Paint Schoodic

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Wednesday, July 18, 2018

If Rembrandt and Van Gogh could time travel


What would they think of modern painting in Maine?

Some days it rains, by Carol L. Douglas.
Last week, I wrote about Maine’s Art Museum Trail. A reader commented, “Standing in front of Rembrandt's Saint Matthew and the Angel at the Louvre, or Van Gogh's The White Orchard in the Van Gogh Museum in Amsterdam are sure to change one forever.” He’s right, of course, but were these two masters somehow superior to, say, Rockwell Kent?

I wonder what either artist would think of the contemporary work being done in landscape painting today. Both would have delighted in the wealth of pigments and materials at our disposal. That’s especially true of Rembrandt, who did so much with such a limited palette. Van Gogh was an admirer of the Primitivist Paul Gauguin; he would have understood that our contemporary painting style reflects the pace and shape of our lives. Both artists were misfits in their times and cultures. It is only retrospectively that they—and their styles—are lauded as brilliant.

Mostly, I think they’d like what they saw simply because mature artists tend to be very interested in other artists’ technique, approach and worldviews.

Ed Buonvecchio painted me painting the rain in the doorway of Ocean Park's temple. We oil painters have it a little easier in a deluge than watercolorists. Russ Whitten's solution was to run home and grab a hair dryer.
Russel Whitten and Christine Tullson Mathieu are having an especially tough time with the fog and rain at this year’s Art in the Park. It buckles watercolor paper and the paint never dries. This makes for extremely soft passages. Commiserating with Russ, I showed him the John Singer Sargent watercolor from Monday’s post, with its great amorphous, wet blob of darkness. In response, Russ told me that Andrew Wyeth, after seeing a Sargent show, came out and told the waiting critics, “I want to kill myself.”

It’s comforting to imagine a painter of his skill and stature reacting like that. We’ve all said something similar along the way.

Sea Mist, by Carol L. Douglas.
Why don’t artists see their own brilliance, but are keen to recognize brilliance in others? We know our own work too intimately to be impressed with it. The more one paints, the truer that becomes. Running down other artists is the province of amateurs.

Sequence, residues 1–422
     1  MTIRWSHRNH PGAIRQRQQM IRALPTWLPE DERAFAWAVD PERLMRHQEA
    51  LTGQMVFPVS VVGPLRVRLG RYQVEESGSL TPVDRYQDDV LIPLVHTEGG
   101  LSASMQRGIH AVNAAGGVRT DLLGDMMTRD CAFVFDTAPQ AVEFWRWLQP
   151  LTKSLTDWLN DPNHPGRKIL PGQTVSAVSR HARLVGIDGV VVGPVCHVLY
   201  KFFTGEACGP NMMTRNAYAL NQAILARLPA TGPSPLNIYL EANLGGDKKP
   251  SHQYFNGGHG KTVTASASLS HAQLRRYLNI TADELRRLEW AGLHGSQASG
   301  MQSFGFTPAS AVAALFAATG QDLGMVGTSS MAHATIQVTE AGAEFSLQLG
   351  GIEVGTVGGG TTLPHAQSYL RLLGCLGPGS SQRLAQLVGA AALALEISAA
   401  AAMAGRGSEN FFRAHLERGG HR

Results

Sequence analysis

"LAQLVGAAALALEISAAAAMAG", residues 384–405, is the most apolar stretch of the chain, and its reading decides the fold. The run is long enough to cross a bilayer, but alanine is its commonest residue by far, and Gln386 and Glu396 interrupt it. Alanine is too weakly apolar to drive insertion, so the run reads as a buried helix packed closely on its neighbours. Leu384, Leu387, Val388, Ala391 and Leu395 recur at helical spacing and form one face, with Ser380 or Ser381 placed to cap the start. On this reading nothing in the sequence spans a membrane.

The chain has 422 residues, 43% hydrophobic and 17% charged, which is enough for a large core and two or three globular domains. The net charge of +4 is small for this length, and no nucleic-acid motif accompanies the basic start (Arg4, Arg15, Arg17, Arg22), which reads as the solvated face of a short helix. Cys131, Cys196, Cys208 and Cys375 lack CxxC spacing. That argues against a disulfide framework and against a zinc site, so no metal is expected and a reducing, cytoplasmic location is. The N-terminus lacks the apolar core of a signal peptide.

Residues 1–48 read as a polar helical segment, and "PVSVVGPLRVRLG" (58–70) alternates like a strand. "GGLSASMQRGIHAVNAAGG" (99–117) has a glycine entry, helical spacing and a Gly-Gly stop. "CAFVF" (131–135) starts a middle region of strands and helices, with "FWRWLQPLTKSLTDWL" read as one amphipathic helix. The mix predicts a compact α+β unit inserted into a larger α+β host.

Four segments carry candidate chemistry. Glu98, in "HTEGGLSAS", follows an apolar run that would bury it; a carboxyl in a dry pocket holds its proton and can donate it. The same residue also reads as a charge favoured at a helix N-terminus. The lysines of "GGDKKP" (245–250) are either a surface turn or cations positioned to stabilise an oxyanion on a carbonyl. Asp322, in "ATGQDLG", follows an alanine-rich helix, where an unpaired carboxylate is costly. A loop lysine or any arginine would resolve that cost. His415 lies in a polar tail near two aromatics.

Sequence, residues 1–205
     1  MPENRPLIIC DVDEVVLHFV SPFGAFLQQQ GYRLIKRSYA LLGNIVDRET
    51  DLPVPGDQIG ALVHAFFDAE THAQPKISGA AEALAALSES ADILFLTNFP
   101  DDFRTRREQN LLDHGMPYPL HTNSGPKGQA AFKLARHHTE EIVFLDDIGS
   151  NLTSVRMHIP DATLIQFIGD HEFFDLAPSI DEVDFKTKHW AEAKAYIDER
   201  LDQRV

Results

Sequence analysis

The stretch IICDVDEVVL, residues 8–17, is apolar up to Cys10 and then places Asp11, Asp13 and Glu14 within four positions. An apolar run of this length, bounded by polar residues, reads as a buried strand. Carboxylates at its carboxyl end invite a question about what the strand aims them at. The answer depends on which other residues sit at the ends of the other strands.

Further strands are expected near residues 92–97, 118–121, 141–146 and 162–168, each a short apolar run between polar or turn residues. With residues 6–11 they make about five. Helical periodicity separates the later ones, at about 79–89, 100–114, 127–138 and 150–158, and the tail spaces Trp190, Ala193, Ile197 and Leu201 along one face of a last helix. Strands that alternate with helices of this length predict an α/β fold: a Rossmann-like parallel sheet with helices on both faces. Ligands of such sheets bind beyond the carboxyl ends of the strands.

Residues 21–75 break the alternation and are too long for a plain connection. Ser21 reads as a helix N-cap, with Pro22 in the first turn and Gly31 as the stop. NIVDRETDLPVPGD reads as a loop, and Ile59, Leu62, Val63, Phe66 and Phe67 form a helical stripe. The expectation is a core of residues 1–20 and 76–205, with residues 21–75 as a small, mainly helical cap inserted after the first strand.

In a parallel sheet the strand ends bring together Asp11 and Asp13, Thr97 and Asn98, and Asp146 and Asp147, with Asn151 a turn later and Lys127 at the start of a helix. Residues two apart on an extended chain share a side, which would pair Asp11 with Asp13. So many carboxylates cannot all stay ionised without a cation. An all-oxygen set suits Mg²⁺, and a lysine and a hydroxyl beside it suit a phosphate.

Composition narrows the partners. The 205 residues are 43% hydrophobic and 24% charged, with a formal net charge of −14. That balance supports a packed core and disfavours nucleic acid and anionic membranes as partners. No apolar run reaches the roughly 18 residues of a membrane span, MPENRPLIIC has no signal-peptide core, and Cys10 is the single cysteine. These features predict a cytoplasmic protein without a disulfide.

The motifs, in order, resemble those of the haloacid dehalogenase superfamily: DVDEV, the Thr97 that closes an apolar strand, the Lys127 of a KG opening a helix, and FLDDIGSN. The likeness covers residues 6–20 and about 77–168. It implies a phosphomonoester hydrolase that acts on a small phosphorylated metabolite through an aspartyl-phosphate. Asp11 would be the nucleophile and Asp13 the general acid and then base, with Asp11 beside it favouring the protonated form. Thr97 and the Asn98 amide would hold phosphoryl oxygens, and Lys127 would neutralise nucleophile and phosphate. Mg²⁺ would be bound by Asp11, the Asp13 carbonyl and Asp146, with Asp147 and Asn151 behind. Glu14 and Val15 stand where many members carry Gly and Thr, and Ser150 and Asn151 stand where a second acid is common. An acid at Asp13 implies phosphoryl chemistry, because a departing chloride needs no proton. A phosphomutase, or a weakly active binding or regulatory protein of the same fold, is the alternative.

“People strengthen each other when they work together, and an entity is formed without personality having to be blotted out by the collaboration,” Van Gogh wrote to Anthon van Rappard. That’s exactly what’s happened to this group at Ocean Park. This is our fourth year painting in a small ensemble.  We’re secure enough in our friendship to help each other.

It was inconvenient for painters and vacationers, but we needed that rain.
Meanwhile, the rain ended at midnight, and the last droplets are splattering down from the ancient trees overhead right now. That gives us a few hours before we have to pack our supplies, shower and deliver our work. Our show opens at 5 this evening at 50 Temple Avenue, Old Orchard Beach. If you’re in southern Maine today, come out to see us!

I’ve got one more workshop available this summer. Join me for Sea and Sky at Schoodic, August 5-10. We’re strictly limited to twelve, but there are still seats open.

1 comment:

Unknown said...

I wish I COULD come see all of your work. I won't be passing through Southern Maine this year on my way out of town, going instead via Quebec, then direct to Boston, and back to Colorado. I love your brushwork in the first painting, especially, of this post. I've been working on a 1500 piece Van Gogh jigsaw puzzle this week in the gloopy weather, which have given me ample opportunity to check out and admire the deceptive simplicity of the brushwork, and to imagine the reactions of his contemporaries and critics. I wonder which artists of this decade, or the early 21st century generally, will the the ones admired and referred to in the 22nd (assuming humanity gets that far, and is still interested in art, at that point.) and what, of the current trends in representational art will be dismissed or derided.